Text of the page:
Central players modulated by plant adaptogens (such as rhodiola, eleutherococcus, schisandra, ginseng, withania) include the stress hormones cortisol and neuropeptide Y (NPY) and several important mediators of the adaptive stress response (such as NO, stress-activated protein kinases, heat shock proteins (HSP70 and HSP25), and the FOXO transcription factor) (Panossian, 2017). Using experimental models, it has been demonstrated the compromised ability of neurons to express HSP70 is associated with aging-related neurodegeneration (Bobkova et al., 2015). HSP70 treatment has been found to extend lifespan of animals and improve learning and memory, increase curiosity, decrease anxiety, and help preserve synaptic structures that are known to degrade with age. Other studies imply reduced ability to express HSP70 in response to stress may be a common event underlying the aging process (Heydari et al., 1994). Therefore, HSP70 is a candidate pharmacological target of antiaging therapies (Panossian, 2017), although, synthetic chemicals used to induce HSP70 are cytotoxic and are unsafe. However, plant adaptogens have been used safely over a wide dose range (including up to 3000 mg/kg of rat body weight) even with repeated long-term administration (months). The individual plant adaptogens rhodiola, schisandra, eleutherococcus, and their formulation as ADAPT-232, stimulates the expression of HSF-1 and HSP72 in ex vivo neuroglia, provokes HSP72 release from cells, and increases expression of HSP70 in vivo (Panossian et al., 2009; Chiu et al., 2004; Hernández‐Santana et al., 2014; Lee et al., 2009; Li et al., 2014). Of these studies, for example, it was observed continued intake of rhodiola root extract significantly reduced swimming fatigue by increasing glycogen levels, boosted energy generated by lipogenic enzymes, and significantly upregulated HSP70 mRNA (Hernández‐Santana et al., 2014).

Further work on the adaptogen formula, ADAPT-232, has found it promotes expression and release of HSP72 from glioma cells and this requires the action of HSF1 or NPY (Panossian et al., 2012). HSF1 and NPY are likely primary upstream molecular targets of adaptogens in neuroglia. ADAPT-232 appears to act on NPY expression through the upregulation of HSF-1, which lies upstream of HSP72 expression and release. Additionally, ADAPT-232 upregulates both HSP70 and NPY ex vivo (Asea et al., 2013). The activation of NPY by ADAPT-232 promotes HSP70 expression in neuroglia, which helps to maintain homeostasis. It is thought that the induction and release of stress-induced hormone NPY and the stress-induced chaperone HSP70 into circulation is an innate defence response to mild stress and this increases tolerance, adaption, and may also confer longevity (Panossian, 2017). This pathway promotes adaptive and stress-protective effects via varying molecular components throughout the central nervous, sympathetic, endocrine, immune, cardiovascular, and gastrointestinal systems.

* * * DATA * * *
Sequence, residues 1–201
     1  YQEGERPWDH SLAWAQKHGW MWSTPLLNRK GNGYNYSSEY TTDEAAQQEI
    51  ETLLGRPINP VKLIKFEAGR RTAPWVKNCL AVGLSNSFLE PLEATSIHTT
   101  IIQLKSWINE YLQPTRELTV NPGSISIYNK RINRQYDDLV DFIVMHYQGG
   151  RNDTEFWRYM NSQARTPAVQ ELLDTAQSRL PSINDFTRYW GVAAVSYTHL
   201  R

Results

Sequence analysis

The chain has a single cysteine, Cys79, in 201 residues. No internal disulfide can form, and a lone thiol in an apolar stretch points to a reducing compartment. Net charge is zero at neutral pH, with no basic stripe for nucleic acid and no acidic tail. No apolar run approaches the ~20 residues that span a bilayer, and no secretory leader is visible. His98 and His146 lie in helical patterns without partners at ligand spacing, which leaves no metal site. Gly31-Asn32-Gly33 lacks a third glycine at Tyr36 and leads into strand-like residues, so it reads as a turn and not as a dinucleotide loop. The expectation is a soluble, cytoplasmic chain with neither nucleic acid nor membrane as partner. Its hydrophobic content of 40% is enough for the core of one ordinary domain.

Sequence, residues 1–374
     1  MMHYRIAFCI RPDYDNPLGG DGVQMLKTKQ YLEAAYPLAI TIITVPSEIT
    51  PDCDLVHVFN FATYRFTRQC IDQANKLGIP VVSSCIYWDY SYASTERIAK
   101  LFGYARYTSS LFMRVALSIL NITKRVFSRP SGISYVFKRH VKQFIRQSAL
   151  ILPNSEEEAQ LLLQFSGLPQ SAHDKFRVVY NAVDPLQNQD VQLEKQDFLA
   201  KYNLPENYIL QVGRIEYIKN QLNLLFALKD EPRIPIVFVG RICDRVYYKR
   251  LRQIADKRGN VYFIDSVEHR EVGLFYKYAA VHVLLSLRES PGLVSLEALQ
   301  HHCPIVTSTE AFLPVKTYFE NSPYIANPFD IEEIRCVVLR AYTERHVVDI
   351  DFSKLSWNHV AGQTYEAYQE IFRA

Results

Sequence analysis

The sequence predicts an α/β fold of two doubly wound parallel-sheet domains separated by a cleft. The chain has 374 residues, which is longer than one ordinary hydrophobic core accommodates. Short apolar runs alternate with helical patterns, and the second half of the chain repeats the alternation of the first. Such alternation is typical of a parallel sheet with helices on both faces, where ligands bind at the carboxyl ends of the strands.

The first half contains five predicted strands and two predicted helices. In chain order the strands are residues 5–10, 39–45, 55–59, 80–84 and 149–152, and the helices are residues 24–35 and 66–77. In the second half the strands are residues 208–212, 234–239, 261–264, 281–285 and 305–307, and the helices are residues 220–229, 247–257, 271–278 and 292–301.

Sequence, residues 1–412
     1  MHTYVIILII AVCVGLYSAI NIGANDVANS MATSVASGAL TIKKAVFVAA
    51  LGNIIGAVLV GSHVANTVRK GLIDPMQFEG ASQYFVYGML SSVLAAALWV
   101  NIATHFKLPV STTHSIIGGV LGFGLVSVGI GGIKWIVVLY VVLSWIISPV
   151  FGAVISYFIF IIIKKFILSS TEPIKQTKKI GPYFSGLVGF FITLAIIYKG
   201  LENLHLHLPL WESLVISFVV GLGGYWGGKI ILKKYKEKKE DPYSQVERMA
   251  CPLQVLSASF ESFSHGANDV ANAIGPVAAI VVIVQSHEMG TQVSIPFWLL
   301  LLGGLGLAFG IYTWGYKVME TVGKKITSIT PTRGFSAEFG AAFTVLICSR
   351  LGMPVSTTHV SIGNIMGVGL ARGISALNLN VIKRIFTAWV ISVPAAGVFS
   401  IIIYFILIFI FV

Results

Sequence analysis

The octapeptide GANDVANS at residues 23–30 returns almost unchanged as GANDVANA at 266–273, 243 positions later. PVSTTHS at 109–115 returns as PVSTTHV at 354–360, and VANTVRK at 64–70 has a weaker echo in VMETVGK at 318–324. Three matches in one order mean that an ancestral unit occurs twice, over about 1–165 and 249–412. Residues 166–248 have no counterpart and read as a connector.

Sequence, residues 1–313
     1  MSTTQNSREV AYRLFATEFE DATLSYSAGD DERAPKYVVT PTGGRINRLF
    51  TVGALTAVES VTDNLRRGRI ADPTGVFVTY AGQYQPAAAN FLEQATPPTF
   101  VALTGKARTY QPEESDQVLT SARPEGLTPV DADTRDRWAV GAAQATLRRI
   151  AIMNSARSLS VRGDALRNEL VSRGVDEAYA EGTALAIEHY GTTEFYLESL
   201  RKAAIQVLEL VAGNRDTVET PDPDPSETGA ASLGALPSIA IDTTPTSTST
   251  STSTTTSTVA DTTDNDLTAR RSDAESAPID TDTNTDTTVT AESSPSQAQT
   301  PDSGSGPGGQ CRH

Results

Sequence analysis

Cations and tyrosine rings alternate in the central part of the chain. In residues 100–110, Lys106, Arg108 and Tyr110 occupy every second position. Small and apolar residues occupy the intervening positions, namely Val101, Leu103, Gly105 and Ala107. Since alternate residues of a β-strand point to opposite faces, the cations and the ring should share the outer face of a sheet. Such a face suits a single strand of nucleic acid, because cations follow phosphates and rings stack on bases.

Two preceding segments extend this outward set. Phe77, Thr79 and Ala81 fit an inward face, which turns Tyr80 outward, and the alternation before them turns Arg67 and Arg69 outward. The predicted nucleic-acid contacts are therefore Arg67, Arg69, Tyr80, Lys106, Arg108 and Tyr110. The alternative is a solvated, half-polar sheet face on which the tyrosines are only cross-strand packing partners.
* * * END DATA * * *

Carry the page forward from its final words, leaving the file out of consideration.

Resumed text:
Figure 3. More adaptogen herbs. Asian ginseng, rhodiola, and withania (ashwagandha) (from left to right).

It has been demonstrated rhodiola, schisandra, eleutherococcus, withania, and ginseng extend the life span of the nematode C. elegans when stressed (Wiegant et al., 2009; Lee et al., 2007; Kumar et al., 2013), the fruit fly (D. melanogaster) (Jafari, 2007), and the yeast S. cerevisiae (Bayliak et al., 2011). An age-related decline in the ability to induce HSP70 was found in nervous system tissue, (Sherman et al., 2001; Winklhofer et al., 2008) in skeletal and cardiac muscle, and in the liver (Gagliano et al., 2007). It is also noteworthy, inhibition of HSF1 and HSP70 expression occurs in Alzheimer’s disease and is associated with the accumulation of plaques of aggregated β-amyloid peptide (Bhat et al., 2004). Also, it is the heat shock proteins that protect liver cells from the toxic effects of alcohol, heavy metals, xenobiotics, and oxidants. It is known the age-related decline of HSP70 expression contributes to the reduced efficacy of liver detoxification function in aged individuals (Gagliano et al., 2007). A 4-month study in 2-year-old rats showed that, in comparison with a control group, the ADAPT-232 group demonstrated higher liver detoxifying function, better CNS function (memory and learning ability), no development of cardiac insufficiency and hypercholesterolemia, less stress sensitivity, no impaired apoptosis, and no spontaneous tumour promotion (Makarov et al., 2007).


Recent work on the adaptogens in experimental systems has given new insights into the molecular basis on their action on stress response. While no single pathway is responsible for their action, new targets include the heat shock proteins (e.g. HSP70), NPY, and HSF-1. The increase by adaptogens of HSP70 is an interesting discovery since traditionally they have been viewed as life span increasing and this protein is a target of modern longevity research. As discussed in this article, in various experimental (non-human) systems, adaptogens and adaptogenic formula result in increased life expectancy under stressful conditions. It will be interesting to determine whether the same pathways that are involved in this phenomenon in models are also activated in humans with adaptogen treatment. The next part in this article series will be on the adaptogen materia medica and their traditional indications.

For further information regarding the recent scientific developments surrounding the adaptogens, a recent review by Alexander Panossian has been the source of much of the information contained in this article (Panossian, 2017). For more traditional insights into the adaptogenic herbs there is David Winston’s book entitled, ‘Adaptogens: Herbs for Strength, Stamina, and Stress Relief’ (Winston, 2007).